The CEO’s Annual Review in a Crisis
Credit union directors face a daunting challenge this year as you consider the annual review of your credit union’s CEO. Many or all of your standard metrics will need to be thrown out and replaced with criteria that is specific to the context of the year.
By Tim Harrington and Kevin Smith
One of the significant functions of the board of directors is to perform the annual review of your CEO. Many of you will face this soon, before the end of the year. So what emoji adequately captures your thoughts on getting ready for that? Confusion, fright, thoughtful, scared, face-palm, nausea, challenge? It’s all of the above, right?
The most likely scenario is that whatever you set up last year as part of the strategic plan for 2020 you need to fully or mostly throw aside and you will have to start over.
At TEAM Resources we have been working on this issue. We found it challenging as well. We have done research about what other industries are doing. Do you know what we found? Very little, many are stumped, and what advice IS out there is impossibly vague. Not helpful.
Consider this: Your CEO may have worked harder than ever before this year. In previous years, a less-than-stellar CEO in a good economy may have reached numbers that meant a very large bonus. This year, despite all of the hard work from a great leader, the credit union might lose some money. Thanks to his/her hard work, the credit union not only still exists, but the loss of money could have been a bloodbath, but it’s not. Is it fair to not reward this because the organization “lost” money? (We’re facing a Gilligan’s Island moment, believe it or not: “If not for the courage of the fearless crew, the Minnow would be lost, the Minnow would be lost.”)
At the same time, you will have to consider how much the credit union is struggling, or whether there have been layoffs or furloughs in the face of the pandemic. This may not be the time to be handing out bonuses despite how hard your CEO worked, and how much they rose to the leadership challenges throw their way.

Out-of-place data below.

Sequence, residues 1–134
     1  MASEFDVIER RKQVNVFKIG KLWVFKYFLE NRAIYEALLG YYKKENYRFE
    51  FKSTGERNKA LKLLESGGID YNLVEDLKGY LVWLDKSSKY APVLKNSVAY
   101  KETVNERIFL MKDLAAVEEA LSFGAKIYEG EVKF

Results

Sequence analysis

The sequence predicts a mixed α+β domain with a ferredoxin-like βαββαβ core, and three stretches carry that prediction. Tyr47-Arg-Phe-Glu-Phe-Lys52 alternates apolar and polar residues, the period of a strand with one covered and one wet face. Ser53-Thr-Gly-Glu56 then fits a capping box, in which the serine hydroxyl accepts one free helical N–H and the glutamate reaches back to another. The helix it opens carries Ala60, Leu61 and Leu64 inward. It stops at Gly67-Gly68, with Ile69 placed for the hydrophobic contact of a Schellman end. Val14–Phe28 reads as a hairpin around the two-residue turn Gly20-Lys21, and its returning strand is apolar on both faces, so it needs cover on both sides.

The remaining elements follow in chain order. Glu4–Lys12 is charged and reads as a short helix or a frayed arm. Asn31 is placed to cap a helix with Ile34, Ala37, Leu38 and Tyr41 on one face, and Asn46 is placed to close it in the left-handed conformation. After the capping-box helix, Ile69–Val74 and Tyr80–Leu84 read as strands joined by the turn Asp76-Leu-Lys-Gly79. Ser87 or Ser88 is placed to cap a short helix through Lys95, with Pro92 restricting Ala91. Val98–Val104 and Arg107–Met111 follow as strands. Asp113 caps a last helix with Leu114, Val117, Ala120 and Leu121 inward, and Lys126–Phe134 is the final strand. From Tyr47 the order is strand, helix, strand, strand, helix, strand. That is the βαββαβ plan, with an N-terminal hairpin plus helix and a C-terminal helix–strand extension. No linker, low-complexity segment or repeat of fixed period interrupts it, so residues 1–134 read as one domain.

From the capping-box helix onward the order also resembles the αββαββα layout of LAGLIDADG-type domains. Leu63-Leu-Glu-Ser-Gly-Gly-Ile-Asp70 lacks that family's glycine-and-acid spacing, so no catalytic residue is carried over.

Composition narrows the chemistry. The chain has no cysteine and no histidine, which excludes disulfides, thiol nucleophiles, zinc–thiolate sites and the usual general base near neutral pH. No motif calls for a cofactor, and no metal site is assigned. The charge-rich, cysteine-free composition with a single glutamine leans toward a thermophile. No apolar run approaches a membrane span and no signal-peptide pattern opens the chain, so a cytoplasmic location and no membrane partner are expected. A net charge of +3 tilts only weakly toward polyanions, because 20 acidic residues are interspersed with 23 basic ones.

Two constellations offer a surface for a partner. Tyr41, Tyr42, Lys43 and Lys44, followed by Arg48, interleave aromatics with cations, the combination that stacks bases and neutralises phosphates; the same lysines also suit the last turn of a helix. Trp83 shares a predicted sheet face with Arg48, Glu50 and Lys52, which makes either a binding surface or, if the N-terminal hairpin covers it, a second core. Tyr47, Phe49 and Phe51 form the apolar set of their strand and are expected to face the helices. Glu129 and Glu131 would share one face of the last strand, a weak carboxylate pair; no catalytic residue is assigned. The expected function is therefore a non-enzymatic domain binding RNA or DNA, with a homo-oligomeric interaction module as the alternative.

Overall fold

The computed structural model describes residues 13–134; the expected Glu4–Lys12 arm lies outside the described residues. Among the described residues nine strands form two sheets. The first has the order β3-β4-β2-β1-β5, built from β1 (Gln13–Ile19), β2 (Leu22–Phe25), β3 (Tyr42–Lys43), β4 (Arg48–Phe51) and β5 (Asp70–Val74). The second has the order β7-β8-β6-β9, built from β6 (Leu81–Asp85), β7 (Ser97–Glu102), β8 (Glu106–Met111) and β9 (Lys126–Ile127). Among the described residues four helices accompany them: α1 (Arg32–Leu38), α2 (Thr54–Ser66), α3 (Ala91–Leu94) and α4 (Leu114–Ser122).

So, What Annual Review Criteria Do You Look For This Year?
Now is the time to reflect on your values as a credit union and as a board. Review all that has happened. What were the notable things that happened that are in line with the clear values of the organization? Things like:
- Members helped;
- Staff health and wellbeing preserved … or notably inspired;
- Difficult decisions made under duress that helped; or
- Innovative products created;
Or … the opposite of all of this. What if the CEO didn’t rise to the crisis leadership challenge? This cannot be glossed over either. But judging that on outdated financial targets/projections is not the way to assess that.
Part of what you can do is let these values guide you and your discussion throughout the process. But what we want to caution you about is turning this review into a purely subjective response.
Considerations of the CEO Assessment
Boards also need to consider are the implications to not getting this annual review right.
There are significant downsides of not being able to reward the efforts, recognize the dedication, loyalty & achievement. This is true in any year, but may be more so in a year of crisis.
How do you handle this? Like all good complex questions, the answer is “it depends.” You will need to ask your CEO for different kinds of information that aren’t on your standard metric reporting. Ask for measurements of things that did happen this year that were in line with your values and goals for the credit union.
Can you compare to expectations, or to peer? Well … maybe, but both of those options require some significant analysis of the context to make them realistic and valuable.
Want more detail on this topic?
We have created a webinar on this topic to dig in further. We invite you to have a look: https://forteamresources.com/webinars/ for more information.
or you can order it now for $199:
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